The highly decorated legendary NBA coach and recently installed president of basketball operations for the Knicks hinted as much in a recent New York Daily News interview, telling the newspaper he hopes Anthony is “true to his word.”
That would be Anthony’s February proclamation, the one where the league’s No. 2 overall scorer insisted he’s now at the point in his career where he values winning as much as any chance he might have to pocket a few extra million dollars through any hardline negotiations.
The Knicks can offer Anthony roughly $30 million more than any other would-be suitor after he becomes a free-agent on July 1, but Jackson, sage 11-time NBA coaching champ that he is, realizes that alone still may not be enough. More to the point, Jackson knows the Knicks may not have it to offer, particularly if they’re going to satisfy all the other requirements Anthony seems to have for making an NYC encore.
“There are some obvious examples that are out there that everybody can point to,” Jackson said of the prospect of Anthony agreeing to take less so the Knicks can do more toward with their goal of quickly turning around their 37-45, non-playoff qualifying season. “Tim Duncan making the salary he’s making after being part of a dynasty. San Antonio has had a wonderful run through Tim’s tenure there as a player, and he’s agreed to take a salary cut so other players can play with him so they can be this good.”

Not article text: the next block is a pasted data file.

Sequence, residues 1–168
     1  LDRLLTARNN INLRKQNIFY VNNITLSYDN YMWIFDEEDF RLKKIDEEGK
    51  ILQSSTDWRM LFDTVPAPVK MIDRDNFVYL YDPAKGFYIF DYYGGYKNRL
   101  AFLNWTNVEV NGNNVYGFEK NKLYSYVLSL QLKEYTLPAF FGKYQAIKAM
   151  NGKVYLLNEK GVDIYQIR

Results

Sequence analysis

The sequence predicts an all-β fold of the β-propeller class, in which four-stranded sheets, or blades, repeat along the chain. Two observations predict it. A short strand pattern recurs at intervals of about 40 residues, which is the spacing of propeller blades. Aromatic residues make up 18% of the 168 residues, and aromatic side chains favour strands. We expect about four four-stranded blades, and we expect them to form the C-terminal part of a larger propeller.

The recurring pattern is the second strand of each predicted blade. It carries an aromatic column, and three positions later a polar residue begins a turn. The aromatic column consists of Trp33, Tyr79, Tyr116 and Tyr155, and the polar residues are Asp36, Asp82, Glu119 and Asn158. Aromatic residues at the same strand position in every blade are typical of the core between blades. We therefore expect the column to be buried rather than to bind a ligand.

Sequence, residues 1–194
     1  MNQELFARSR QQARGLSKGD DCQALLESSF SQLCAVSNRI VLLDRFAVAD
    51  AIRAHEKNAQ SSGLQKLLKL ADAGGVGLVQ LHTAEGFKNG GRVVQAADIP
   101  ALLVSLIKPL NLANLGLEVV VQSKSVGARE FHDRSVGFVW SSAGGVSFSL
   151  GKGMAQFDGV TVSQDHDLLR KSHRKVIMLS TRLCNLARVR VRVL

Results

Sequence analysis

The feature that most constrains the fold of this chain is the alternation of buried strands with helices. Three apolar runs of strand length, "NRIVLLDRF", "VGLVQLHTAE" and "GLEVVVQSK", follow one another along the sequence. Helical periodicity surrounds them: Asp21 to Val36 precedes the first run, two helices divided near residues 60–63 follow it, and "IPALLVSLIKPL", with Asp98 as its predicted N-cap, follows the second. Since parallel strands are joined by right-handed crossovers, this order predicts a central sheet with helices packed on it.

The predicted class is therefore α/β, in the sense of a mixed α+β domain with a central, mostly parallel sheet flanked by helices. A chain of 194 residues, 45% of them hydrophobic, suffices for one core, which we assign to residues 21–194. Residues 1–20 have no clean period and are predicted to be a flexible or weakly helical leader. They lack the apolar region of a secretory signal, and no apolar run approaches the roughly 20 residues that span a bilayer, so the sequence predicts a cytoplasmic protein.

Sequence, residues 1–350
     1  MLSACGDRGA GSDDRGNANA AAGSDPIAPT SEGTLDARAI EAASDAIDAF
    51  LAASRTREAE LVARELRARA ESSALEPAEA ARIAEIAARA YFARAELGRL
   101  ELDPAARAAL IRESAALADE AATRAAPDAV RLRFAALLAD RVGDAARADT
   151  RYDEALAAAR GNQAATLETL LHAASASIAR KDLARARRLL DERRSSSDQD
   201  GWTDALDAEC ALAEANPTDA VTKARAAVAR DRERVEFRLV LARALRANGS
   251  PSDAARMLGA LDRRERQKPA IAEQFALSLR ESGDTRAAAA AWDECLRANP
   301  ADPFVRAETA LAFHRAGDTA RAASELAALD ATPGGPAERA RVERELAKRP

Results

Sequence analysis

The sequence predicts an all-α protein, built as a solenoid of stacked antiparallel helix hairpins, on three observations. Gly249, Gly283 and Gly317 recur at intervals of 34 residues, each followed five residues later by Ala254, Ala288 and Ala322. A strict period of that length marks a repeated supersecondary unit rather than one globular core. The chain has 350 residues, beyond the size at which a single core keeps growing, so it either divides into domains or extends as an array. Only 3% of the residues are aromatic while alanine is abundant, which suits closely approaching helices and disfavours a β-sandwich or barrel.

Jackson later added “the group down in Miami agreed to take less money to play together so that’s, I think, a precedent that’s been set. Because the way things have been structured now financially for teams is that it’s really hard to have one or two top stars or max players and to put together a team with enough talent you’ve got to have people making sacrifices financially. So we hope that Carmelo is true to his word and we understand what it’s going to take and we will present that to him at that time.”
Anthony has hinted that he may well take the Dwight Howard approach to arriving at his decision, meaning he may choose to set up shop in NYC and have teams come to him to present their best pitches. In addition to the Knicks, the Bulls, Rockets, Lakers, and Clippers are all known to be interested.
“I want to come back,” Anthony told reporters after the Knicks’ season had officially ended. “But I also want to win. Me wanting to be here, if we can put ourselves in position to at least compete at a high level over the course of whatever — five years — the contract would be, then I’m willing to stay here and I’m willing to ride or die for New York.”